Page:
Discover more from Pixel & Pulpit
No One Likes Your Digital Church
But does that actually matter?
I remember when I was first getting into the ministry and received the advice that “no one cares about your event.”
This eye-catching and caustic phrase was a piece of reverse psychology to encourage the event coordinator side of the ministry to become more cohesive with the heart-to-heart pastoral ministry.
The lesson: Your first goal should be to give your demographic a reason to care about your event.
When it comes to digital church planting, I’ve discovered that the mindset is actually a bit harsher in the current zeitgeist of the Church universal.
The digital church doesn’t just bring about apathy, it brings about animosity.
In this article, I want to seek out the better question we can ask ourselves in the face of the nay-sayers against the digital church.
Case Study: Asbury Revival
Case in point: consider the Asbury Revival that’s trending ad nauseum.
“Asbury is thus a coup for embodied spirituality and against disembodied mediatization. Don’t think that YouTube, Facebook, or TikTok will give you the same experience.”
Why was the digital church even mentioned?
Easy - because it has become a common scapegoat.
Thus the true workload of digital ministry is twofold:
Building the digital church
Defending the digital church
What is most problematic about this is the source of the rumblings against the digital church: the Church herself.
That means half of our productive time is going to waste on people that we aren’t even called to serve.
I would encourage those inside church walls that judge too quickly the digital church to consider other times when the Church has eaten her own. After all, it was Judas Iscariot the Zealot who was unsatisfied when Jesus didn’t live up to the quid pro quo expectations of ministry.
Perhaps the digital church owes the Body of Christ nothing; it’s just another body part. Surely we wouldn’t cast off an arm because it is not an eye?
Asking the Right Questions
But that’s neither here nor there - this isn’t an argument about how to get the established Church to like your digital church.
It’s actually about asking if that’s even something you should want.
Consider again the caustic truism above: “no one cares about your event.”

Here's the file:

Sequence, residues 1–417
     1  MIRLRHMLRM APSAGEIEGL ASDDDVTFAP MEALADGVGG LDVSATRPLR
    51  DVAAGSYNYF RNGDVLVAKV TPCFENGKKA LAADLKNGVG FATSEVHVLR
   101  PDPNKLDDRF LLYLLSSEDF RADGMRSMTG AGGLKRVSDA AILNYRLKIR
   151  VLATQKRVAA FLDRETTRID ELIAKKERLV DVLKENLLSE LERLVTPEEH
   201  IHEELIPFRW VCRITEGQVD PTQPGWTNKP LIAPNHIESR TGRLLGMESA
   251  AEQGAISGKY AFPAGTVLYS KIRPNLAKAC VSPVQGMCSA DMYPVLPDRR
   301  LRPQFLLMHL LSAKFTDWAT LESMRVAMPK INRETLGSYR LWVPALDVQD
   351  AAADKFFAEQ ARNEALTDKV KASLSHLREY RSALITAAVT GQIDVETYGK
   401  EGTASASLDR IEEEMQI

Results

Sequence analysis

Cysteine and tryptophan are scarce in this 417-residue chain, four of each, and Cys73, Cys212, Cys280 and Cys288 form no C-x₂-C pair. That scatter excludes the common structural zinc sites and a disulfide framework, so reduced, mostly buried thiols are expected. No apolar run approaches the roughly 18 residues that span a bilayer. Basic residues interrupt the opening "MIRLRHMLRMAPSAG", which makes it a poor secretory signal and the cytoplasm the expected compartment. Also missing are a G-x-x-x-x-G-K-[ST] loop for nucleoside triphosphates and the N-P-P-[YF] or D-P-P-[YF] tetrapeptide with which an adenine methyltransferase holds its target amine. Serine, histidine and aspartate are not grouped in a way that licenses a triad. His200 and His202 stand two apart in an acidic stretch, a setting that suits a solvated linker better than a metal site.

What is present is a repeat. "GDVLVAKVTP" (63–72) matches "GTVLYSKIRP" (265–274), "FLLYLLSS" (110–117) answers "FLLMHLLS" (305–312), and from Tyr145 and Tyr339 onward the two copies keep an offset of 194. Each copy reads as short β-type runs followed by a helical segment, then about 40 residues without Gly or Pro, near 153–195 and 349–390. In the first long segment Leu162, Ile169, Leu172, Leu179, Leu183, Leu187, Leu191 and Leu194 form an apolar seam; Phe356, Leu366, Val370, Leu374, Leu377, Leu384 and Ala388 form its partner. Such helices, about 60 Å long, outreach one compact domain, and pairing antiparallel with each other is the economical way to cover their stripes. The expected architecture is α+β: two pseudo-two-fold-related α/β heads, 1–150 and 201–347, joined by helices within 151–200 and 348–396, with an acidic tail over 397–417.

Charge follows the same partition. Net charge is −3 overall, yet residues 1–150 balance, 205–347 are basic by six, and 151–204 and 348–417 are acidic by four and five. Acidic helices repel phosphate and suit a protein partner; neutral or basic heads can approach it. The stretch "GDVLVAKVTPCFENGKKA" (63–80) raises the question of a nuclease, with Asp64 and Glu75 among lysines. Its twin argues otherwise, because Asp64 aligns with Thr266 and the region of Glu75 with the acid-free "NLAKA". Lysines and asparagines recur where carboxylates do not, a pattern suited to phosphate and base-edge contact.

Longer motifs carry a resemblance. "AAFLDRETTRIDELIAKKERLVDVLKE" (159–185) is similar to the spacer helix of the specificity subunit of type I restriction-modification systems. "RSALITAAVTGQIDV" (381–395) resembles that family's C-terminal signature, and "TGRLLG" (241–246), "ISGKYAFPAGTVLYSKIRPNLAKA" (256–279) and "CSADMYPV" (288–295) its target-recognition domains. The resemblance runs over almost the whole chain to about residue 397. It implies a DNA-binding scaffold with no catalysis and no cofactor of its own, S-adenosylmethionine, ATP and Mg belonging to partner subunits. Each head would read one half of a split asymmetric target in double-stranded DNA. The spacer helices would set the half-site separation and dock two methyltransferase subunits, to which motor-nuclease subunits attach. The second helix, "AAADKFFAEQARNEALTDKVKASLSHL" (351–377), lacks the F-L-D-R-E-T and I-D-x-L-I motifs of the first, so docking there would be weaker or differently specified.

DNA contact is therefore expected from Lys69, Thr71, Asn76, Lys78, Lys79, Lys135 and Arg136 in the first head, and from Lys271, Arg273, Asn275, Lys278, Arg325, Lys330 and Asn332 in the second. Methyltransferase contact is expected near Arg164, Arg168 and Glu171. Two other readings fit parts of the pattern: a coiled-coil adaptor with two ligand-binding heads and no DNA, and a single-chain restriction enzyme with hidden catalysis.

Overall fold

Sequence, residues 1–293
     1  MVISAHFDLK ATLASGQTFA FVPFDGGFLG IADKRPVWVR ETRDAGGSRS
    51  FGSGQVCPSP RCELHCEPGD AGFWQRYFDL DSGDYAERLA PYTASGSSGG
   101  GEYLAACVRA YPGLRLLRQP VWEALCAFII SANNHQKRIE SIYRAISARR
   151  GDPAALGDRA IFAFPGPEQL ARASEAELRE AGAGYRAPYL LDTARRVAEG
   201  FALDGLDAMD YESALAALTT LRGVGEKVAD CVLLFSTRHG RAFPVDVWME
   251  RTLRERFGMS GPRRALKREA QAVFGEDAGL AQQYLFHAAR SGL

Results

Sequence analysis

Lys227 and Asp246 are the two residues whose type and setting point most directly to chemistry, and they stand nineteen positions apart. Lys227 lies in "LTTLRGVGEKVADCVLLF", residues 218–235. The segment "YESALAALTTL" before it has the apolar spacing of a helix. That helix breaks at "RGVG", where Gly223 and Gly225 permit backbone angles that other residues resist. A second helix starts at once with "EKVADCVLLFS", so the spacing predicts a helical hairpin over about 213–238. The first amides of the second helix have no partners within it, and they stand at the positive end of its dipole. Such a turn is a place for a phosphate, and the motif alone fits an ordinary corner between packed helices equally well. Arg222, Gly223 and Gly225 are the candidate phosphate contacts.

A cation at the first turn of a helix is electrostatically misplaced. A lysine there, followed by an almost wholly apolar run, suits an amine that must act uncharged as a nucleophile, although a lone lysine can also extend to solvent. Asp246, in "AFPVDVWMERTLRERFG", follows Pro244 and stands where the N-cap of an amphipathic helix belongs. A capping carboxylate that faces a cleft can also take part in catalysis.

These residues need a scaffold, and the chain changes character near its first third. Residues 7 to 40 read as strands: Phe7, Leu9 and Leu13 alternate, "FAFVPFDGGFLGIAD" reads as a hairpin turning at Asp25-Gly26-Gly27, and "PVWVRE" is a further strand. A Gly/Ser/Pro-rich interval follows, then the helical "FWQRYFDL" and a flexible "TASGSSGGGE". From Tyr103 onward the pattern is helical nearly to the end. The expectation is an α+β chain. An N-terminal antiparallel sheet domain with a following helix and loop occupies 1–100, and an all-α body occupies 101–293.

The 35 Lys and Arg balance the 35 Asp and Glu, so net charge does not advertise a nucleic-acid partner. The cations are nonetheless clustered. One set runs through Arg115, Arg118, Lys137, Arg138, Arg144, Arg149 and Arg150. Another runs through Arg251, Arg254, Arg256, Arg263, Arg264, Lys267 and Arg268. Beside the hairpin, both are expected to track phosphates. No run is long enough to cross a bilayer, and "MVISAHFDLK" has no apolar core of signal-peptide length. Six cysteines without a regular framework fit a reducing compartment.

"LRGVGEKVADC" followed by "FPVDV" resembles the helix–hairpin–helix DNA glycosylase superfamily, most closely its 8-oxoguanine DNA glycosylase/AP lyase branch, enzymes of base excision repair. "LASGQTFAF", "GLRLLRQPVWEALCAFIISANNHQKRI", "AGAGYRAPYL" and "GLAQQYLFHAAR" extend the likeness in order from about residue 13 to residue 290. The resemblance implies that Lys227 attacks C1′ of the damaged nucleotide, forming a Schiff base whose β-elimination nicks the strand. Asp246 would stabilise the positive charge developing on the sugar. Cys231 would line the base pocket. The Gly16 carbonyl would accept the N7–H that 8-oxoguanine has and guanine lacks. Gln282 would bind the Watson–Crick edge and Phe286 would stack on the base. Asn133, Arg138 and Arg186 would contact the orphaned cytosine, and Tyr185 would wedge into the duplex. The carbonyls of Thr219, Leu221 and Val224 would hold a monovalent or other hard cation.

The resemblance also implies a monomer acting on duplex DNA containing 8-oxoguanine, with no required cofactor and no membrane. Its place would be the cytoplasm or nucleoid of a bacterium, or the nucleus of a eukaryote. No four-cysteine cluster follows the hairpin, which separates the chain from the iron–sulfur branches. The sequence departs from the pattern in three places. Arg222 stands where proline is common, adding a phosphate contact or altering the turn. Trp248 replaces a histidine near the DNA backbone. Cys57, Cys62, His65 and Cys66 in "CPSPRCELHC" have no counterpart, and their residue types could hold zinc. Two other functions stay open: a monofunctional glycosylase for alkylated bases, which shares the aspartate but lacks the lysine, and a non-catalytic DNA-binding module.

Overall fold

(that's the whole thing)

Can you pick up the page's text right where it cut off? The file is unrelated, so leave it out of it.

If we move from that apathetic response to the animus one about the digital church, then that phrase might become our title: “no one likes your digital church.”
Other than being a trite phrase, what should this actually do for us?
If the former phrase should bring about a resilience in us that reminds us to make things that would make our demographic care about our event, then the latter should do the same, right?
I’m not convinced.
Who Ya Gonna Call?
The difference here is that you likely aren’t called to convince the Church about the digital church. Your demographic - I hope - is those outside of the church.
I’m not certain that it matters whether or not those inside the church like the digital church or not.
Simply because no one cares about your event doesn’t make your event not an event.
In the same way, simply because no one likes your digital church doesn’t make your church not church.
The point of this practice isn’t to change minds, it’s to bring awareness.
Once we understand that we aren’t liked, we don’t change who we are to fit the status quo.
Instead, we prove our worth.
We prove that our event should be cared about.
We prove that our digital church should be liked.
This is easier said than done. But it’s a vital foundation mindset.
Over the course of the past three years, my worst days of ministry have been ones where I dwell on the nay-sayers from within the Church rather than doing effective ministry.
Ideally, these messages of random detriments, like a pointless cheap shot from an established and reputable news organization like Christianity Today that should know better, should slide off like butter. Even better - they should be used as kindling to fuel the fire of our work.
Better Questions Lead to a Better Future
No one likes your digital church.
Prove to them that the digital church is needed by doing vital and effective ministry.
I challenge you to worry less about defending the digital church and focus more on the life-changing work being done.
With that out of the way, hopefully our future conversations in this space can be focused on responding to the first phrase of reaching our intended demographic with purposeful intent.
But we won’t have the time or energy to do that if we keep arguing about the worth of the thing that we’re doing.
Welcome to a community of do-ers, not defenders.
World 1-3 Complete
You might be thinking - isn’t this post itself kind of a defense of the digital church?
Yeah, that’s fair. I’m only human, after all.
But my hope is that this will be the only time I need to post this perspective on Pixel & Pulpit. It won’t be the last time someone assaults the digital church haphazardly, but hopefully, this will serve as a place to point toward.
Leave a comment below, engaging the community with your thoughts. Peruse the comments and weigh in on the ideas of someone who shares below. For more content and community like this, subscribe to Pixel & Pulpit.
Welcome to our THIRTY-FOUR newest followers since our last post! We’re glad you’re here! We reached our 100 Subscriber goal and that is INCREDIBLE! I will be unlocking paid subscriptions, which will allow more focused feedback on your communities. More information will be forthcoming about what that will look like in the next week or so.
We are at 12/100 comments and 2/10 recommendations - I appreciate any help we get with those goals.
To close, here are some engagement questions:
How do you maintain focus on the work of the digital church?
What perspective helps you to overcome the toxic members of the church?
Any questions you have for me or Pixel & Pulpit?